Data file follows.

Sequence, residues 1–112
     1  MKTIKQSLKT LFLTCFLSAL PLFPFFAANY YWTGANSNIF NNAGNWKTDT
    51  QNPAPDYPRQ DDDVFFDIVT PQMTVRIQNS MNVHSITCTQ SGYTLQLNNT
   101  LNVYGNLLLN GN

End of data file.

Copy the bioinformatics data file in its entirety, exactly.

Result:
Sequence, residues 1–112
     1  MKTIKQSLKT LFLTCFLSAL PLFPFFAANY YWTGANSNIF NNAGNWKTDT
    51  QNPAPDYPRQ DDDVFFDIVT PQMTVRIQNS MNVHSITCTQ SGYTLQLNNT
   101  LNVYGNLLLN GN